Review: lluminae by Amie Kaufman & Jay Kristoff



Rating: 5 stars
Pub Date: October 20, 2015
Publisher: Knopf Book for Young Readers
Genre: young adult science fiction
(if general mind-f*ckery were a genre, tho, it'd be that)
Format/Source: arc/publisher & hardcover/Amazon


Summary:
This morning, Kady thought breaking up with Ezra was the hardest thing she’d have to do.

This afternoon, her planet was invaded.

The year is 2575, and two rival megacorporations are at war over a planet that’s little more than an ice-covered speck at the edge of the universe. Too bad nobody thought to warn the people living on it. With enemy fire raining down on them, Kady and Ezra—who are barely even talking to each other—are forced to fight their way onto an evacuating fleet, with an enemy warship in hot pursuit.

But their problems are just getting started. A deadly plague has broken out and is mutating, with terrifying results; the fleet's AI, which should be protecting them, may actually be their enemy; and nobody in charge will say what’s really going on. As Kady hacks into a tangled web of data to find the truth, it's clear only one person can help her bring it all to light: the ex-boyfriend she swore she'd never speak to again.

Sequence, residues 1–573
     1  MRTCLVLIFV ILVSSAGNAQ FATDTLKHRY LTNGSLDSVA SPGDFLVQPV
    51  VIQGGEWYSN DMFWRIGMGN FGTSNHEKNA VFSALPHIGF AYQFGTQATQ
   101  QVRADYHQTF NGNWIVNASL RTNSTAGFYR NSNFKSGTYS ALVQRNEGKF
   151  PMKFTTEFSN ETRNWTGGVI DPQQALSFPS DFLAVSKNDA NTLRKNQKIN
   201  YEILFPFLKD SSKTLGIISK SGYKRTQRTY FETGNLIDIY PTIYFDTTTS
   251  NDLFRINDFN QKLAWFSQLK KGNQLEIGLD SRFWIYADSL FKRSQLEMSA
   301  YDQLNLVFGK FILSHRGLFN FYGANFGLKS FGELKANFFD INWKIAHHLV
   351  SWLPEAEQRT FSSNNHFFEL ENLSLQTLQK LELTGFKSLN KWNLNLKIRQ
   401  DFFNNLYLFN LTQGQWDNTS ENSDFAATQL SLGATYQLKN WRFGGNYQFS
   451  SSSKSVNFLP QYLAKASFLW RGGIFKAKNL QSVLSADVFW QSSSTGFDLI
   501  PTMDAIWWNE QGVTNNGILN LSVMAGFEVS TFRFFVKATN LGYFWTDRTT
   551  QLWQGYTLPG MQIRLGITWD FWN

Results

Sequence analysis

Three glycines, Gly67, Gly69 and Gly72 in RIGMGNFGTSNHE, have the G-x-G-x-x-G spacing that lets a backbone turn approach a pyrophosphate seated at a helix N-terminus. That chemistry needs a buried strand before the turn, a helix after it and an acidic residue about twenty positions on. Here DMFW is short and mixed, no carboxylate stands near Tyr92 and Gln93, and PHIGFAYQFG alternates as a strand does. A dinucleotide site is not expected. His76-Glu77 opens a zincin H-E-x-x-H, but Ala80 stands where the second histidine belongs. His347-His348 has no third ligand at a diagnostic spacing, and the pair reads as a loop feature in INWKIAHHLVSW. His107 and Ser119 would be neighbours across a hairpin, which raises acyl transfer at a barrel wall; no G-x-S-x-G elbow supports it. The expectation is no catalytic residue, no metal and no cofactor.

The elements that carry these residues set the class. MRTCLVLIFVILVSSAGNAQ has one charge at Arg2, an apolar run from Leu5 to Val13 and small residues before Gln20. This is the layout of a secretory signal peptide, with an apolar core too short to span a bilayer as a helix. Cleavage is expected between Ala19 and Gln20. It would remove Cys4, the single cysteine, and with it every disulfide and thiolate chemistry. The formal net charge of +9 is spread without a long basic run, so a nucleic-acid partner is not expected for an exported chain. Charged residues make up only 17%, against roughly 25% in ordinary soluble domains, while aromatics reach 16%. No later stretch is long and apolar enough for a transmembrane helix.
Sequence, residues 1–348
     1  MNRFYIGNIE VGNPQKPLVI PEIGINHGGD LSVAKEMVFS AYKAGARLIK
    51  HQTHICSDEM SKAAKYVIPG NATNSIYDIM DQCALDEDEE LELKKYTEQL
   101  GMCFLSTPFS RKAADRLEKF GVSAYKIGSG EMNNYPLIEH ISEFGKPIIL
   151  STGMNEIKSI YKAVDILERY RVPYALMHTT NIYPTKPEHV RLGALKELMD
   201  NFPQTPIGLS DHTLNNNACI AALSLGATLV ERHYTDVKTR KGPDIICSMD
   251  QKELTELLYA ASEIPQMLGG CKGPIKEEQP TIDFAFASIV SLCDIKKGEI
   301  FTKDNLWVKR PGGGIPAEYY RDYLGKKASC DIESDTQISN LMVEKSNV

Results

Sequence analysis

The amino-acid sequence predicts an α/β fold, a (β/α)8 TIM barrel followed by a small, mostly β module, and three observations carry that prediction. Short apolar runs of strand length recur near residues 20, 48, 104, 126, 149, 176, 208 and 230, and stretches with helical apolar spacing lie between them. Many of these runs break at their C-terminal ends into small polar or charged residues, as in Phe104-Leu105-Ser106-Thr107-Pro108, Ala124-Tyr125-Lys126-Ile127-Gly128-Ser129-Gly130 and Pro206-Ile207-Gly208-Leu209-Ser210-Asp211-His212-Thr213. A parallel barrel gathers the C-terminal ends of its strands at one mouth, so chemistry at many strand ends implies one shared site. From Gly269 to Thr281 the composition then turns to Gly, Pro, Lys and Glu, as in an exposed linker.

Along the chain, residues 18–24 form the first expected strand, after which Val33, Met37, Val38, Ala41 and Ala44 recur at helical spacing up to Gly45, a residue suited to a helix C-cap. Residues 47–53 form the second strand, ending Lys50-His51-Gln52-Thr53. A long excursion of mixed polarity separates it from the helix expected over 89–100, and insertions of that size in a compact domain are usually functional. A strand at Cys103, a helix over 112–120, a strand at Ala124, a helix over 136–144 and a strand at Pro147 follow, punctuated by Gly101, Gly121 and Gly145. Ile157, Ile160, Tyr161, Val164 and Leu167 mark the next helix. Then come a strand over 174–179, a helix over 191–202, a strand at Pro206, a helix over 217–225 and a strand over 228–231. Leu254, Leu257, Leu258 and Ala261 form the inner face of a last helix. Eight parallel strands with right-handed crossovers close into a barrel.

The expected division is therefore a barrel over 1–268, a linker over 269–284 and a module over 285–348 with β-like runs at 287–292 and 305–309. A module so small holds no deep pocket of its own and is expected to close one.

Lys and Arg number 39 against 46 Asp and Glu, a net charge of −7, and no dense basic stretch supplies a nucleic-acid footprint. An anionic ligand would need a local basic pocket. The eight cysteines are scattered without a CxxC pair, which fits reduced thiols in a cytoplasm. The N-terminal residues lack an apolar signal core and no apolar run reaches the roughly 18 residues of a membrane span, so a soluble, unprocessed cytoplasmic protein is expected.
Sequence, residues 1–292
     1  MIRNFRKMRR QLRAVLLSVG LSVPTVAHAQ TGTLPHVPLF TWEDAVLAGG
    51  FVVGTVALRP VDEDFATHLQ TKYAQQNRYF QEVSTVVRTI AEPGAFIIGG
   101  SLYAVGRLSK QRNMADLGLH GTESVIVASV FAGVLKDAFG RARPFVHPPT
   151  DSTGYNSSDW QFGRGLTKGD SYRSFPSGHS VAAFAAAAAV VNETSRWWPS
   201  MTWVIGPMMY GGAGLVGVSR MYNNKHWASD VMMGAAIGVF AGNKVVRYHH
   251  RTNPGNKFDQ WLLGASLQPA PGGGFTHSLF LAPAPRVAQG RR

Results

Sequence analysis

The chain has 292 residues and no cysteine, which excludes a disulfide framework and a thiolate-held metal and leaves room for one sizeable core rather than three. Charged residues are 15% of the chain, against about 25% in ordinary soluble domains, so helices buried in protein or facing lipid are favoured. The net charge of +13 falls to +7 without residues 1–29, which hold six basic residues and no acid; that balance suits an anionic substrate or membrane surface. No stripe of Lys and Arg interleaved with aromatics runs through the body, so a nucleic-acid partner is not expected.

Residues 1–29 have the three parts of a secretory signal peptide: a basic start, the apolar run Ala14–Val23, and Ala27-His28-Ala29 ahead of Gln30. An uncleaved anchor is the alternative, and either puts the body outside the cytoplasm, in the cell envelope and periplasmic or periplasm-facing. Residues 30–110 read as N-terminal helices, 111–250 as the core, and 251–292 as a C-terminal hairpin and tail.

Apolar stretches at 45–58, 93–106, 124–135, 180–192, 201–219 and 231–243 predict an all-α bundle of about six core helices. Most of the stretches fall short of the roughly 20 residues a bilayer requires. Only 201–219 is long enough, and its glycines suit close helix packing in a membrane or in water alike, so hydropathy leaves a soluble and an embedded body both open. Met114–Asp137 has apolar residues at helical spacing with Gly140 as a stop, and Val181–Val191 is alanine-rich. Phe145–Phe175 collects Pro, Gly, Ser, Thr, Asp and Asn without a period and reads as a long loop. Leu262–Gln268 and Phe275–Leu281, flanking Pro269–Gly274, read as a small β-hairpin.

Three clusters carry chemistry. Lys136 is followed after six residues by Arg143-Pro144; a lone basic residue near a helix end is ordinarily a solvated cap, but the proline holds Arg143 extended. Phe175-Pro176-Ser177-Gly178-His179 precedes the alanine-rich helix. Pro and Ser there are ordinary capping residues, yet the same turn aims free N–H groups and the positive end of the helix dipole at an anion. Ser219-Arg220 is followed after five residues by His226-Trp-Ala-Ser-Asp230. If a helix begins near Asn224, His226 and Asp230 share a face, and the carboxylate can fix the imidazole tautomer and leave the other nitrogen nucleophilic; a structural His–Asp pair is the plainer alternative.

Told through a fascinating dossier of hacked documents—including emails, schematics, military files, IMs, medical reports, interviews, and more—Illuminae is the first book in a heart-stopping, high-octane trilogy about lives interrupted, the price of truth, and the courage of everyday heroes.

Review:
What.... what in the hell did I just read? Seriously. If it is possible to have PTSD from reading a book, that might be a close description of my feelings after closing Illuminae. Above, you might notice I have stated that Illuminae's genre should actual be mind f*ckery and below, Jay's bio calls it a "YA Sci-Fi... thing." Both of these are accurate. Illuminae provides its readers with a wholly unique yet ultimately traumatic experience, but as one of my friends said to me while I was live-tweeting my anguish (much to the amusement of everyone):

accurate

The fancy-ass term for Illuminae's format is an epistolary novel, which means that instead of typical prose, Illuminae's narrative is told through a series of documents that includes emails, IMs, analyzed security footage, computer code, military documents, memos, and schematics. Also other things that are way hard to describe (and spoilery). I'm a big fan of these kinds of novels because it's untraditional and gives books a unique and realistic feel to them. I don't know about you, but my life is not told through a narrator. It's told through texts, emails, DMs, Facebook statuses and comments, Twitter, etc. Oh, and real life interaction too, I suppose, but not with most of my book friends because they're long distance. And that's one of the challenges Kady and Ezra face in Illuminae: they're not in the same place.